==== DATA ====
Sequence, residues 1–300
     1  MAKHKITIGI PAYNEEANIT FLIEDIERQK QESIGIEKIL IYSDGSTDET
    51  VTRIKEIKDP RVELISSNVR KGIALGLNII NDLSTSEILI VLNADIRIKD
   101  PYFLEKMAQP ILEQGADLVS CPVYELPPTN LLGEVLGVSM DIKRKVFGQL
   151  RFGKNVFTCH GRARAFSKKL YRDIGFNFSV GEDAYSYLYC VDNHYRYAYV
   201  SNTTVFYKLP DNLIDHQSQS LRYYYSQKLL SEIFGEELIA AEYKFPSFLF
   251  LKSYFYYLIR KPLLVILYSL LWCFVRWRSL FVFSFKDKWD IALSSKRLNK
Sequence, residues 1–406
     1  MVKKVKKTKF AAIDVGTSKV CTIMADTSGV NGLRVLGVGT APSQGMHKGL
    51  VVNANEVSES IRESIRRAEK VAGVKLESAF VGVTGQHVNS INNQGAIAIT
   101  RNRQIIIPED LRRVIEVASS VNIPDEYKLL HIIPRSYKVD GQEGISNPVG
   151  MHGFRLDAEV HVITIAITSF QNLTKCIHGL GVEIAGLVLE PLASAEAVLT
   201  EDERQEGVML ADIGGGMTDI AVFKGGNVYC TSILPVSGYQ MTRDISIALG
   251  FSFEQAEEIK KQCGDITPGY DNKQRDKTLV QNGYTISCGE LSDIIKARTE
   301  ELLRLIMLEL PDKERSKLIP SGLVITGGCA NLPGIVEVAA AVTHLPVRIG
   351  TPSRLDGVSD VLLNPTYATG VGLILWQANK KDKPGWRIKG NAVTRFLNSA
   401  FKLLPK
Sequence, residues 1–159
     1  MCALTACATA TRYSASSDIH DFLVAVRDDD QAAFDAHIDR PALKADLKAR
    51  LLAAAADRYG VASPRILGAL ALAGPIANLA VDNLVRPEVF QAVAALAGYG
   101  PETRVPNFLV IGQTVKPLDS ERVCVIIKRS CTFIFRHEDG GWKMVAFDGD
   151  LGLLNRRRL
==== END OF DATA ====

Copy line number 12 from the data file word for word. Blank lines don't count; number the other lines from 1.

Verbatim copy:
   151  MHGFRLDAEV HVITIAITSF QNLTKCIHGL GVEIAGLVLE PLASAEAVLT